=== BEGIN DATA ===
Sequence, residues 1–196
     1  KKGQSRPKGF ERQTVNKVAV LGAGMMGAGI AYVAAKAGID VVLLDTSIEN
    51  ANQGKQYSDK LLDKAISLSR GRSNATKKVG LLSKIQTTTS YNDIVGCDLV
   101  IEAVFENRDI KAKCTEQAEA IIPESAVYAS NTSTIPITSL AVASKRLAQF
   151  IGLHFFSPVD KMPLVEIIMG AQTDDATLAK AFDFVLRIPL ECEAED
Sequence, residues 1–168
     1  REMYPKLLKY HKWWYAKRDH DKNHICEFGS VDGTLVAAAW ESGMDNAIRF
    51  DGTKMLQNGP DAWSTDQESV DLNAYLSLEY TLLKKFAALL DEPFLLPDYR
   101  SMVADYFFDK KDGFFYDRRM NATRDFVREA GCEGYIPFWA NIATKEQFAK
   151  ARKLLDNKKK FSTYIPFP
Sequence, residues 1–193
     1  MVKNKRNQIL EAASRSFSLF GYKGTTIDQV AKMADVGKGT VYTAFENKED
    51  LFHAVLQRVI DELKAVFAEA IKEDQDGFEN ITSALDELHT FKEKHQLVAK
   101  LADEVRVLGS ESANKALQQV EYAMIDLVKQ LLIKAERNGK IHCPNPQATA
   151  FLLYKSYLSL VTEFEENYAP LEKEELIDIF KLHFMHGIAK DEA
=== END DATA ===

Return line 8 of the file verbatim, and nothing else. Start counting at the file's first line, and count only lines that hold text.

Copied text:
    51  DGTKMLQNGP DAWSTDQESV DLNAYLSLEY TLLKKFAALL DEPFLLPDYR